You’ve heard it. “If you can’t pronounce every ingredient on the label, don’t eat the food!” When it comes to xanthan gum, those folks would be missing out.
Used in many fruit fillings, candies, frozen desserts, puddings, salad dressings, gravies, soups, and more – xanthan gum is an ingredient found on many food labels. Xanthan gum isn’t a scary mystery ingredient, and it’s not a preservative. Xanthan gum is added to formulas to achieve specific, desirable, functional attributes. Without it, your beloved Ranch salad dressing would be runny or gloppy, water would seep out of certain desserts, and puddings would have a strange gummy texture.
Like other gums, xanthan gum is a polysaccharide (a carbohydrate) and water-soluble (dissolvable in water-based solutions). In a formula, xanthan gum builds viscosity, improves mouth feel, assists in particle suspension, and reduces/prevents syneresis (watering out) in foods. For most applications, the gum is added to the formula at less than 0.5%. Synthesized by a microorganism, Xanthomonas capestris, xanthan gum is even a completely natural ingredient.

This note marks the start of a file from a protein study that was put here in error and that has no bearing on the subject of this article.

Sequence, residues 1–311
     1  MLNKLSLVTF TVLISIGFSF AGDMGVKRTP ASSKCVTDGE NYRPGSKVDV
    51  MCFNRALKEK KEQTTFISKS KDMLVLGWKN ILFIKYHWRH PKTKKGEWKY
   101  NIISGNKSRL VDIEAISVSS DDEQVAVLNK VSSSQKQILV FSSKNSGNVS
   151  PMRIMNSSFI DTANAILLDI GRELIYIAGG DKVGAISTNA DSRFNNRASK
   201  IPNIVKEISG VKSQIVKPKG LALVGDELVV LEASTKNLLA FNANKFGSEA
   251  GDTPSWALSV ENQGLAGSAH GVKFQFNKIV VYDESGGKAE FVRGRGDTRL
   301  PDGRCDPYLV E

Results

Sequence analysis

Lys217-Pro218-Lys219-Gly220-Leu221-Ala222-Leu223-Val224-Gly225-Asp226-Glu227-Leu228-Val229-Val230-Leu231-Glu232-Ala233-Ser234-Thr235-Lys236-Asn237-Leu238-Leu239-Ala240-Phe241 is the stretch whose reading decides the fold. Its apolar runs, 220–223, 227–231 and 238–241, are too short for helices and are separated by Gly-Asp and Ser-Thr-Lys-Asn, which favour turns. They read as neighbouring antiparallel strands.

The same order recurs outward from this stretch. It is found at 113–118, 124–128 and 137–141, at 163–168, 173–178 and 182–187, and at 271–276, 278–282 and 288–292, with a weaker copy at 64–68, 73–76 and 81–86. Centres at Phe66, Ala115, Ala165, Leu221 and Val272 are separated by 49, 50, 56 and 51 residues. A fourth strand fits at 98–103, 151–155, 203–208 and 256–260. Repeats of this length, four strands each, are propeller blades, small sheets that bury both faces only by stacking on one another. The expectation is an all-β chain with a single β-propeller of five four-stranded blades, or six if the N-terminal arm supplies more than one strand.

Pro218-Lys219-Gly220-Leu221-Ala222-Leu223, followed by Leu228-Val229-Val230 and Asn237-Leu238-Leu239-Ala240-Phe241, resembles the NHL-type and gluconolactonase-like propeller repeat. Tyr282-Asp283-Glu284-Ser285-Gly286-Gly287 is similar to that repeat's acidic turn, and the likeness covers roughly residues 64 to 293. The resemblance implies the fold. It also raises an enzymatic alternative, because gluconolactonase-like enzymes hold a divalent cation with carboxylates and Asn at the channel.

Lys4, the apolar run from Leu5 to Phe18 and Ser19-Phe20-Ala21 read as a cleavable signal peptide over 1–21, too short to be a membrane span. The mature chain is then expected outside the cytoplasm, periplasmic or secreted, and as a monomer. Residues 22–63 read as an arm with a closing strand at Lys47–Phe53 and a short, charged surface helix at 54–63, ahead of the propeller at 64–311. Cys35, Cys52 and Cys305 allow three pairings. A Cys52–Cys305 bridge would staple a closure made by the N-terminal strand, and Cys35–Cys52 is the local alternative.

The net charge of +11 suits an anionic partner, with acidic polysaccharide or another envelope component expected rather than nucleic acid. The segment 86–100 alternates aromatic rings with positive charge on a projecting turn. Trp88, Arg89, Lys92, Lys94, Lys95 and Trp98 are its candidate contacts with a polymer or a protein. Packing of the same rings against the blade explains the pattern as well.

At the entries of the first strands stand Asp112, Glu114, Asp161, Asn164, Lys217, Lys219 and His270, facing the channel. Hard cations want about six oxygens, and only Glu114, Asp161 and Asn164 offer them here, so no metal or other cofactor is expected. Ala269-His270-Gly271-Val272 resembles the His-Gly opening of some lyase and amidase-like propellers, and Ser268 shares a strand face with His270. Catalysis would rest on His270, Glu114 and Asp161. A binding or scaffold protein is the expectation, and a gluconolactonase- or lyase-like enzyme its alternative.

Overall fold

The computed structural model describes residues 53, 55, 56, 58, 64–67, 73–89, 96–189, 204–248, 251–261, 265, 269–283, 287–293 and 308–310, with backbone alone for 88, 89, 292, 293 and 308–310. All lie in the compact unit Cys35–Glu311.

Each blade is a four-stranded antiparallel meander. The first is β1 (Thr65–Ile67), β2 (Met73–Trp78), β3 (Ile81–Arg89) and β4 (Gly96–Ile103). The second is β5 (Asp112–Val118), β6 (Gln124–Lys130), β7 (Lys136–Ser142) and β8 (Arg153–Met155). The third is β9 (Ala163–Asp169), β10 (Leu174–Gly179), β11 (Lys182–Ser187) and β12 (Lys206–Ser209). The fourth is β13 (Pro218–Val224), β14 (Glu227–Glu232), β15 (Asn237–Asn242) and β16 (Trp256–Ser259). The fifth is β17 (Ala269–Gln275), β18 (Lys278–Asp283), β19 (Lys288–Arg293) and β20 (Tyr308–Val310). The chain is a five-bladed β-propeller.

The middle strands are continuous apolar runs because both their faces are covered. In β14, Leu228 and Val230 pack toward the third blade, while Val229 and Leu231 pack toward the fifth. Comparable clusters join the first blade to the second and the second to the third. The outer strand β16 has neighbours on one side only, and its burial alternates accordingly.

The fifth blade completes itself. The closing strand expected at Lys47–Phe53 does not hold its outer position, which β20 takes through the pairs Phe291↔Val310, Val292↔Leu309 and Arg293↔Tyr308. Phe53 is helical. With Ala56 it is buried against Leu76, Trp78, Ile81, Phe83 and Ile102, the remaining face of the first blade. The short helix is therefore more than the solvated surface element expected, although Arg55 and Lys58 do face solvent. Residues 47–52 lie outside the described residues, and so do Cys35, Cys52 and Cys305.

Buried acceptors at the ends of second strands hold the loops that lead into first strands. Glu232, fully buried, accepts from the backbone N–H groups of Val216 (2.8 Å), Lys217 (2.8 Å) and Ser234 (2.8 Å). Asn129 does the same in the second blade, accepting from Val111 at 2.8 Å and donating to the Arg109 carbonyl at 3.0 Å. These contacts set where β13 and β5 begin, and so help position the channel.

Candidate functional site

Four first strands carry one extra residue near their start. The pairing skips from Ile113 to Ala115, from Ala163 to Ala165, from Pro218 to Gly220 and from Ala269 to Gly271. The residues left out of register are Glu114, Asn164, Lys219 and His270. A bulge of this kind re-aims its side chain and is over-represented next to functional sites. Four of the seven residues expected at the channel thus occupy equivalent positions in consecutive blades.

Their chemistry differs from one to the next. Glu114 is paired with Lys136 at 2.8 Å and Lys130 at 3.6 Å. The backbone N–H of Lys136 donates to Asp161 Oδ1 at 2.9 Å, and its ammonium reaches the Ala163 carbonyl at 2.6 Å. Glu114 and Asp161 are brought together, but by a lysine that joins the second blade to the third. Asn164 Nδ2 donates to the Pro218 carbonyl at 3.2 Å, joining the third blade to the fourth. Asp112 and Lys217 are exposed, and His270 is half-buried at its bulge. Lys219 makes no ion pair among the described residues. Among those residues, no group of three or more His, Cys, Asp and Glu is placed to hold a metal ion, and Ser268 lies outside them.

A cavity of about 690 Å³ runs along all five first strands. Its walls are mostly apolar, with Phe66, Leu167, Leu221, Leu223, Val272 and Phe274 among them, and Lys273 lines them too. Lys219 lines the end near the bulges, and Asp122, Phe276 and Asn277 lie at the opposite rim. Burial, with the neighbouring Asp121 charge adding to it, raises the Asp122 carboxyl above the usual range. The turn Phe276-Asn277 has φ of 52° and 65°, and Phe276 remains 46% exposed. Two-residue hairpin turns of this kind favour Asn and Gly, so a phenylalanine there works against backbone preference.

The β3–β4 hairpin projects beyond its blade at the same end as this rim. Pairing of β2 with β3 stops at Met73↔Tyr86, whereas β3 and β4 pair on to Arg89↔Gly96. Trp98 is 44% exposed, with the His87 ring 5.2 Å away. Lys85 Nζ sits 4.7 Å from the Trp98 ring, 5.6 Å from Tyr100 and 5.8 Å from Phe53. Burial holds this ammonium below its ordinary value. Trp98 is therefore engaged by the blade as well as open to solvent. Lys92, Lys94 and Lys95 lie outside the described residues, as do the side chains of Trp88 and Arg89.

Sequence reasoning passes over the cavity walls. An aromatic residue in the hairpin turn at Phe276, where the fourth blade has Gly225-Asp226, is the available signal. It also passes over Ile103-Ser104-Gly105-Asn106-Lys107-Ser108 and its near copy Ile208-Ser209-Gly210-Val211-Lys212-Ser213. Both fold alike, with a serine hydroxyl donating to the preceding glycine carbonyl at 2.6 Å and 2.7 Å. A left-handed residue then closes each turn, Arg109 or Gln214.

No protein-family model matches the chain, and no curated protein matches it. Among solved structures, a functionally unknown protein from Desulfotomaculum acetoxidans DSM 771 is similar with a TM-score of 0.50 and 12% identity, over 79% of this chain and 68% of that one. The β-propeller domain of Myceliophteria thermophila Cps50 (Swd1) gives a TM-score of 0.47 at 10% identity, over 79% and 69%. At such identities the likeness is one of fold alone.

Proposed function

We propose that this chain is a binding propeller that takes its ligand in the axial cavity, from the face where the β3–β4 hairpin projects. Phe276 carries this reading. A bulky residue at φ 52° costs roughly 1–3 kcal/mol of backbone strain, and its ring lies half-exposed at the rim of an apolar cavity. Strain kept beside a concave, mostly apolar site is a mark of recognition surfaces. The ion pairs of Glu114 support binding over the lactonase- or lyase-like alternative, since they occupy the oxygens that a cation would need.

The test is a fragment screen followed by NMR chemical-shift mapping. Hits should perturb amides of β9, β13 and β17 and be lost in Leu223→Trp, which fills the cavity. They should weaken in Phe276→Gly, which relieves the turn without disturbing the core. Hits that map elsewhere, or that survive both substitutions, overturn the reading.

Xanthan gum – pronounced Zan-than gum. See? Now you’re good to go.
Source: Genevieve L. Christen, ed and J. Scott Smith, ed. Food Chemistry: Principles and Applications. Science Technology System, 2000.